NASA tracks the biggest animal migration in the Earth's oceans using space lasers

tech2 News Staff

Using a space-based laser, NASA has managed a close look and monitoring of the largest marine migration known to humankind, and the direct impact it has on the global climate. The 10-year-long study was carried out using an earth-observation satellite managed jointly by American and French national space agencies: Cloud-Aerosol Lidar and Infrared Pathfinder Satellite Observations (CALIPSO).

Researchers from NASA and the French space agency Centre National d'Etudes Spatiales (CNES) used CALIPSO's laser capabilities to track the movement and behavior of small aquatic animals like squids and krill, from hundreds of kilometers in space. They looked specifically at a natural, daily phenomenon that involves zooplankton.

Zooplankton €" a group of tiny organisms drifting in oceans, seas, and bodies of freshwater €" feed on phototrophic plankton (photoplankton), and together form the base of the entire aquatic food chain. Zooplankton find their way to deep water in the morning and rise as the sun sets €" a process known as the 'diel vertical migration', or DVM. This process is carried out all over the world by both marine and freshwater plankton.

So far, it was thought that the DVM was a compromise between finding morsels near the surface, and avoiding turning into tasty morsels for predators themselves. But the researchers found that this kind of migration happens with plenty of small creatures that leave the depths of the ocean to feed on phytoplankton near the surface.

Due to the large number of individual animals participating in the DVM, it is considered the largest migration of living organisms on Earth. Through CALIPSO, researchers were able to monitor this behavior and even keep track of its overall effect on Earth's climate.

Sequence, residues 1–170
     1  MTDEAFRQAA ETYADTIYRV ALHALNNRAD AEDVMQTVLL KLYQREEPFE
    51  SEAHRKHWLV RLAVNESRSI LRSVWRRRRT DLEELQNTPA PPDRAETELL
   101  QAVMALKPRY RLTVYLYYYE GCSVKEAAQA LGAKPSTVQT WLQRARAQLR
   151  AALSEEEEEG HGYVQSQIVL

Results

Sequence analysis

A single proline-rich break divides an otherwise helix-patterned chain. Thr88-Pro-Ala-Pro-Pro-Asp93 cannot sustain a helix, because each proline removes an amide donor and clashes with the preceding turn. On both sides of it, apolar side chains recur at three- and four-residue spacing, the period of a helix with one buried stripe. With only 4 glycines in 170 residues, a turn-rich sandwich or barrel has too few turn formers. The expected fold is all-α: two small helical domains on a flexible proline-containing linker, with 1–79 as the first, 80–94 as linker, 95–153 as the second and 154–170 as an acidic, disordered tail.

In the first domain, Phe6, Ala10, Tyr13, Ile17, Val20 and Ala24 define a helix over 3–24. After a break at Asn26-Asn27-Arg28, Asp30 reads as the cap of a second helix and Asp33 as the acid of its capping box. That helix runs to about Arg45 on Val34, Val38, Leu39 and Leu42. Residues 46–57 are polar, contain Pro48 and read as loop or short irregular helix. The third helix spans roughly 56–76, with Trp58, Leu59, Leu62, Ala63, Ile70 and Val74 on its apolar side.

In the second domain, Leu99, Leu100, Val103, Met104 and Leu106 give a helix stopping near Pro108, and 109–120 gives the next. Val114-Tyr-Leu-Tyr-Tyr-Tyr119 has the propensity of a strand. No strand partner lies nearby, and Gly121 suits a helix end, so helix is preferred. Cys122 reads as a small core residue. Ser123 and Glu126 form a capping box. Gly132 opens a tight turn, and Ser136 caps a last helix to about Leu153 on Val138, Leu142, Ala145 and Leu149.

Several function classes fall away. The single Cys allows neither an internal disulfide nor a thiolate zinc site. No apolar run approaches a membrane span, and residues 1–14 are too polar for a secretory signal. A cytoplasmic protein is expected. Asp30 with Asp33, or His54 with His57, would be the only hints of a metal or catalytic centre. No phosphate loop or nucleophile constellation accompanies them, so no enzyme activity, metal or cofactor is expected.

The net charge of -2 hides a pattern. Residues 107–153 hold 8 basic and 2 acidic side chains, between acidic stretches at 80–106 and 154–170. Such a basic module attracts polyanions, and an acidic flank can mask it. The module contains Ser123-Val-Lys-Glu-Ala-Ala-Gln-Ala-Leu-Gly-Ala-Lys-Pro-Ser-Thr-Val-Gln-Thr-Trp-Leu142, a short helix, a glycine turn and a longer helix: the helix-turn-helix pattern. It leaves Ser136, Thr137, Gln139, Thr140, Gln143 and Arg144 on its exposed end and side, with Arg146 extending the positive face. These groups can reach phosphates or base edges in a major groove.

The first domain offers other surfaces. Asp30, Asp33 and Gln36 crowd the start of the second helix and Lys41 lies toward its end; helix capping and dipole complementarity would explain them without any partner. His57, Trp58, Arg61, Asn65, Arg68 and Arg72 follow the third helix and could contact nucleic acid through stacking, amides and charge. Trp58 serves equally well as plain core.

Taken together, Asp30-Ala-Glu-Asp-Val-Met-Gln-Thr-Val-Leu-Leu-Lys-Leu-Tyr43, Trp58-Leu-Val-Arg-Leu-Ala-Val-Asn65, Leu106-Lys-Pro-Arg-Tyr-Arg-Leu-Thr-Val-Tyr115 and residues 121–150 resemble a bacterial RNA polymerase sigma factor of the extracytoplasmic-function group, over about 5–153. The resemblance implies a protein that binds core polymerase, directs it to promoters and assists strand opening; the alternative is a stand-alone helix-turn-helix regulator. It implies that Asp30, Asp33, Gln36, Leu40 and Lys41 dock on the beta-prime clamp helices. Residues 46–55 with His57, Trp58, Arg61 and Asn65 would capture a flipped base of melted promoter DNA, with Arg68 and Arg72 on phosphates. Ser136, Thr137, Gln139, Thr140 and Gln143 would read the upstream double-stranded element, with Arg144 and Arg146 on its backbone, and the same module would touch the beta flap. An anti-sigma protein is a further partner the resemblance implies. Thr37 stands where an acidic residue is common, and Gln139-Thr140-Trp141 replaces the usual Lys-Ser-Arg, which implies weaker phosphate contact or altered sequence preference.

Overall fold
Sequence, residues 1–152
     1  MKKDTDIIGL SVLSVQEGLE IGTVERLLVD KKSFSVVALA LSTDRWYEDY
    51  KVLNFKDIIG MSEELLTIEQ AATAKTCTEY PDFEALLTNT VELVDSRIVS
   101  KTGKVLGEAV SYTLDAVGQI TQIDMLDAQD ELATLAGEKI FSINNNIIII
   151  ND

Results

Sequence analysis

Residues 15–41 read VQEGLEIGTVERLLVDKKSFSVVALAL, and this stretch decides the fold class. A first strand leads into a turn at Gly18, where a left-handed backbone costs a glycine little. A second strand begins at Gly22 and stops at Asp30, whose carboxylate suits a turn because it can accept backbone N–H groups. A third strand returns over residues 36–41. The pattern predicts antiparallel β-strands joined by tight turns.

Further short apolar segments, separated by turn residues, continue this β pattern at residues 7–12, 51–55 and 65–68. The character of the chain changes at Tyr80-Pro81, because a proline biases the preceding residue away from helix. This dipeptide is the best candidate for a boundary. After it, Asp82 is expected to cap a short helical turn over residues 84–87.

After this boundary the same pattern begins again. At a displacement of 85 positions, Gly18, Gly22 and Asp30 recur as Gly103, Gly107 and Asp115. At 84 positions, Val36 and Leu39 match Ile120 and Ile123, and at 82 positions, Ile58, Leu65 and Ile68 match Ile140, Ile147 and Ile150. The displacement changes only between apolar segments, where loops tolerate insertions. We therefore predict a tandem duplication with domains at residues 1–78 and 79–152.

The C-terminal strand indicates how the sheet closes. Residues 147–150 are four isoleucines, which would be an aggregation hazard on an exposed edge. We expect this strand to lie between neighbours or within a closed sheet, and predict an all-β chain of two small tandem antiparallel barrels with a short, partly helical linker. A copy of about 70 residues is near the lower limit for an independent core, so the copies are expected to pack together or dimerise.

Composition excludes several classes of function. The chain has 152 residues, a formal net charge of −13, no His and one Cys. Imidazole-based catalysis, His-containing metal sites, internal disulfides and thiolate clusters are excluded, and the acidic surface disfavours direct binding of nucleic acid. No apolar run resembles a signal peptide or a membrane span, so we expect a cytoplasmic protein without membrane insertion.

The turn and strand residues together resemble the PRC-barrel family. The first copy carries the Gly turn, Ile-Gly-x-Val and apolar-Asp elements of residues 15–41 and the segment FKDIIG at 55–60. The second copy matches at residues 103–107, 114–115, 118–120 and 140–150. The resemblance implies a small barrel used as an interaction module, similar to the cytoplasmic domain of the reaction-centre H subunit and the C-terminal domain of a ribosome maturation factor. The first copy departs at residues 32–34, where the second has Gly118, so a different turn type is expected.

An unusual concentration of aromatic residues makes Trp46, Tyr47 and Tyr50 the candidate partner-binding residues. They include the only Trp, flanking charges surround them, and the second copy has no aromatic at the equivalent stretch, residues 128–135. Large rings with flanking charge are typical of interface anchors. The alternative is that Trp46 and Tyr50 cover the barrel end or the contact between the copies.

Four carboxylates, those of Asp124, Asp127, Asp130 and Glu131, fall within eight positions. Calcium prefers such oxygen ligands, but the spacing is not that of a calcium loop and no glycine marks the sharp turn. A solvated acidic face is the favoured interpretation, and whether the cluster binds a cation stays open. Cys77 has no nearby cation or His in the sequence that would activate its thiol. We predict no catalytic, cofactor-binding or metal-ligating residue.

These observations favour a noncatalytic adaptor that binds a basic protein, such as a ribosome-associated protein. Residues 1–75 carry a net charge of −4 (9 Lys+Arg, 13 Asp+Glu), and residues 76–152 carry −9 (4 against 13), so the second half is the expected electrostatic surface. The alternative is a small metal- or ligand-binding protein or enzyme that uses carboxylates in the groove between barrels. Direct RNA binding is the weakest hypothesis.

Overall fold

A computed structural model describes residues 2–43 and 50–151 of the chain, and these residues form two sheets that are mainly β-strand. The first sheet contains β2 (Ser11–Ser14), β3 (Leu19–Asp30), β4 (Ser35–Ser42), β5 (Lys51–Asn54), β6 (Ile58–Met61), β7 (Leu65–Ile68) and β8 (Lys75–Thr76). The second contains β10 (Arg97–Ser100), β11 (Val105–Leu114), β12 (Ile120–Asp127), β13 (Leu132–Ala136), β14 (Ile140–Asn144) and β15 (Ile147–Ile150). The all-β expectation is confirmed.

"This is the latest study to demonstrate something that came as a surprise to many: that lidars have the sensitivity to provide scientifically useful ocean measurements from space," Chris Hostetler of NASA's Langley Research Center and co-author of the study said in a statement.

"I think we are just scratching the surface of exciting new ocean science that can be accomplished with lidar."

DVM has an effect on climate because, during the day, the phytoplankton near the ocean's surface photosynthesize, which allows them higher levels of carbon dioxide. In turn, phytoplankton would improve/increase the amount of greenhouse gas from the atmosphere absorbed by the ocean. As small animals feed on the surface, they also eat plenty of the phytoplankton-converted solid carbon form.

This food is then defecated into the ocean's depths after the return of the ocean creatures. According to the researchers, this prevents the carbon from being released back into the atmosphere. Due to the large number of animals that participate in DVM, the amount of carbon that is prevented from returning to the atmosphere, thereby slowing down global warming.

"The new satellite data give us an opportunity to combine satellite observations with the models and do a better job quantifying the impact of this enormous animal migration on Earth's carbon cycle," Mike Behrenfeld, lead author of the study, said in a statement.

New satellite data give us an opportunity to combine satellite observations with the models and do a better job quantifying the impact of this enormous animal migration on Earth's carbon cycle. The study carried out by the researchers was published in the journal Nature.

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